Selling branded drugs, never smooth sailing, is an especially tough business these days. Well-established generics and brand names often have a lock on whatever drug class they fall into. Employers, health plans, and PBMs frequently put hurdles in the way of newcomers, using higher copays, prior authorization requirements, and step therapy policies that put less-established products at a distinct disadvantage. Drug manufacturers grouse about a lack of “market access” and a playing field that is far from level—especially with new drug launches, where long-term success depends on how much of a market share a drug can grab after it goes on sale.
One remedy, pharmaceutical companies believe, is hub programs. They’re gaining traction as a way to push into markets and counter the clout of the payers and PBMs. Hub programs group packages of services (thus the term hub) designed to drive the marketing, sales, and utilization of a drug. Hub programs as a business have grown in tandem with the limited distribution agreements some manufacturers have with a select group of specialty pharmacies. Services include benefits investigations, prior authorization negotiations, delivery services, care management, and managing copayments and coinsurance issues for patients. Some simple hub programs zero in on just one aspect of a drug, while more comprehensive programs exert tight control over every aspect of a drug’s revenue cycle. Some drug manufacturers create and manage their own hub programs. The more common approach is for a drug manufacturer to partner with a consulting firm to perform administrative tasks while a pharmacy, specialty pharmacy, or pharmacy network fills prescriptions and works with patients to keep them adherent.
|Leading specialty hub services providers, 2015|
|Company||Ownership||Affiliated specialty pharmacy|
|Access and Adherence Solutions||Cardinal Health||Cardinal Health Specialty Pharmacy|
|AccessMED||McKesson||OncologyRx Care Advantage|
|Centric Health Resources||Dohmen Life Science Services||Centric|
|Envoy Health||Diplomat Pharmacy||Diplomat Pharmacy|
|inVentiv Patient Access Solutions (iPAS)||TMS Health, a Xerox Company||n/a|
|Lash Group||AmerisourceBergen||U.S. Bioservices|
|RxCrossRoads||Omnicare||Advanced Care Scripts|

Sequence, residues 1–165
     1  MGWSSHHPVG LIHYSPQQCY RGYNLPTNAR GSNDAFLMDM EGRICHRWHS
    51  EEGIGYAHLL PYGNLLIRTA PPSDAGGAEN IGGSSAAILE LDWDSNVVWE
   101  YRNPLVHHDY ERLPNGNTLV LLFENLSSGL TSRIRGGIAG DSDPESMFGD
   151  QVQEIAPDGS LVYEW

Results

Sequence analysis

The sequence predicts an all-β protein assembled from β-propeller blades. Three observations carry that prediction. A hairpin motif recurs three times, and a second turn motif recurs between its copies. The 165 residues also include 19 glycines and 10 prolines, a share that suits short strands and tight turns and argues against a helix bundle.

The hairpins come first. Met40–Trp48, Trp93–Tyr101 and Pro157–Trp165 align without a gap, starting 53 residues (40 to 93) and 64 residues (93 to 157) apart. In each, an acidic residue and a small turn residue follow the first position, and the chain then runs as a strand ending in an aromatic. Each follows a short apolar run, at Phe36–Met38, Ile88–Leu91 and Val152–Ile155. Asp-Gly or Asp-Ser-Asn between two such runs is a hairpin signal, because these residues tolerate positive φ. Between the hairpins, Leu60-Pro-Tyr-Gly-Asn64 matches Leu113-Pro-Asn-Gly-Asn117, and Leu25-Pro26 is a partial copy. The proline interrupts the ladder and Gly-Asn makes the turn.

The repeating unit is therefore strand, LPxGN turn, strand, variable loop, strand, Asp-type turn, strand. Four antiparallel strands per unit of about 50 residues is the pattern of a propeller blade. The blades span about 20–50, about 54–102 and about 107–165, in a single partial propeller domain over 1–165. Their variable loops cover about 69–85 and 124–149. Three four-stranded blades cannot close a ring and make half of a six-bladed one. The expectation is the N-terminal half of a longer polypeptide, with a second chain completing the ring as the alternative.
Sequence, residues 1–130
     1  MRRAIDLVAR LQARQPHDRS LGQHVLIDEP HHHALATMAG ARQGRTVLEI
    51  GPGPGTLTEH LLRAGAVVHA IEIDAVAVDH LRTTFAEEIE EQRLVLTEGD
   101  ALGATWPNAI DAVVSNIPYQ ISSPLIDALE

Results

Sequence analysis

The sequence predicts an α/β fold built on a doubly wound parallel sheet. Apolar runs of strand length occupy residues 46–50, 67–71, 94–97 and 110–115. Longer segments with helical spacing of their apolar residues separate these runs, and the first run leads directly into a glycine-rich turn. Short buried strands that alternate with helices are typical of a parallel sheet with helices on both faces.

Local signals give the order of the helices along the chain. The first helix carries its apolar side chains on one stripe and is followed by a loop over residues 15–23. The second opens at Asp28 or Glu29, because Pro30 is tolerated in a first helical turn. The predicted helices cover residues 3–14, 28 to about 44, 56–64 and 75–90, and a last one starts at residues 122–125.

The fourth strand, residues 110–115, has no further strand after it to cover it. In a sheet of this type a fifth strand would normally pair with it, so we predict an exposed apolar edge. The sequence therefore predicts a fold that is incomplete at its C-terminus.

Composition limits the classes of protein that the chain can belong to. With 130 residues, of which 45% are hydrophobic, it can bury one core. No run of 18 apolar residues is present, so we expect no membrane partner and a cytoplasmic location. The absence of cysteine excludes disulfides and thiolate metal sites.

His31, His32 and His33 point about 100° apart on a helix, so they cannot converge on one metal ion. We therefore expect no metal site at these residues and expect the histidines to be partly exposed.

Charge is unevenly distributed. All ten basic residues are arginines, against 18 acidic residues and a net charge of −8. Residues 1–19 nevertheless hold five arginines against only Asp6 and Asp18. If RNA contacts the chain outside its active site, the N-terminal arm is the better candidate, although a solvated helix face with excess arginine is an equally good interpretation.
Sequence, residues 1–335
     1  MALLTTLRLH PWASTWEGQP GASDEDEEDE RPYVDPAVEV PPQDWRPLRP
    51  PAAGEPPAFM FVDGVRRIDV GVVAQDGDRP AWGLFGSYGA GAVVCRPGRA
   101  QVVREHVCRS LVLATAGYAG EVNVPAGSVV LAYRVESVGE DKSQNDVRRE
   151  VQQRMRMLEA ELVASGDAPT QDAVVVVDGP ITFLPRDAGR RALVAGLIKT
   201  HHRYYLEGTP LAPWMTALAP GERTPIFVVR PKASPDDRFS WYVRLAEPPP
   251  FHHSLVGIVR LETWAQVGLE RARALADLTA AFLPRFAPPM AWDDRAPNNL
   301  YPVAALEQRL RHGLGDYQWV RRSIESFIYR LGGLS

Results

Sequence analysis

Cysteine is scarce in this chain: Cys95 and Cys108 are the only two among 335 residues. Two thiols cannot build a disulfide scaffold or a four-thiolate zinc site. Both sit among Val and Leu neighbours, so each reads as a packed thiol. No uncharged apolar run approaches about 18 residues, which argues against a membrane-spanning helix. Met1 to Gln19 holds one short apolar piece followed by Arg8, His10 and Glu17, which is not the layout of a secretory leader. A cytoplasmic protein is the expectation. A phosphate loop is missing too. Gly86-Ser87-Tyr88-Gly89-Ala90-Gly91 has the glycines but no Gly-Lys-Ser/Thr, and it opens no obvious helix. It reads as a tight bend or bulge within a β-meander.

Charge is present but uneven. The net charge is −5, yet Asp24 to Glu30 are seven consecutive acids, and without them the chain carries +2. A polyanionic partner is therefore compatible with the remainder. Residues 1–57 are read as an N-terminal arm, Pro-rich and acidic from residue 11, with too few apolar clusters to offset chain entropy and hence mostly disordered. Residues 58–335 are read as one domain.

|Triplefin||H.D. Smith||CompleteCare Pharmacy|
|UBC||Express Scripts||Accredo Specialty Pharmacy|
|Pembroke Consulting/Drug Channels Institute, The 2016 Economic Report on Retail, Mail, and Specialty Pharmacies|
Hub programs have emerged as a profitable new line of business in the sales and distribution side of the pharmaceutical industry that has got more than its fair share of wheeling and dealing. For the consulting companies, the programs mean multi-year contracts and for specialized pharmacies they can be more profitable than the contracts they have with PBMs. And a lot of drug manufacturers believe that an in-house hub program has the potential to generate more business than the old-school way of getting market share for a product—the hard slog of negotiating prices, rebates, and formulary placement with payers.
Two faces of hubs
The hub business is one with two very different personas. Health plans and drug manufacturers have used them to good effect to inject some reality into the much-talked about “patient-centered” approach. Health plans have used them to optimize therapy management for specialty medicines or rare diseases. They are also useful for accomplishing some important steps in drug development and post-market safety and outcomes studies.
But there’s also a darker side. Manufacturers have used hub programs to muscle the sales of their products through alternative channels that are really all about sales and not what’s best for the patient. These programs start with marketing the drug to patients and physicians. They often add on a coupon program to reduce out-of-pocket costs and get patients locked into a drug. Once the patient is enrolled, the hub program does the billing, monitors refill rates, collects detailed patient data, and follows up with an adherence program designed to build “loyalty,” a favorite term of the hub industry.
The industry’s reputation has been tainted by some deceitful if not illicit hub programs that captured national attention. The dealings between Valeant Pharmaceuticals and Philidor RX Services LLC, which ran a number of hub programs for Valeant, have come under Congressional scrutiny. News reports have described byzantine money flows and shady business relationships. According to Bloomberg and other news outlets, documents released by the Senate Special Committee on Aging in May showed that Valeant and Philidor had an undisclosed contract that dangled millions of dollars of bonus money in front of Philidor if it hit certain sales targets. Bloomberg reported last year that Philidor employees were instructed to change codes on prescriptions so it would look like the prescriber had asked for Valeant brand-name drug. Valeant, CVS, and Express Scripts cut all their ties with Philidor, and the company went out of business late last year.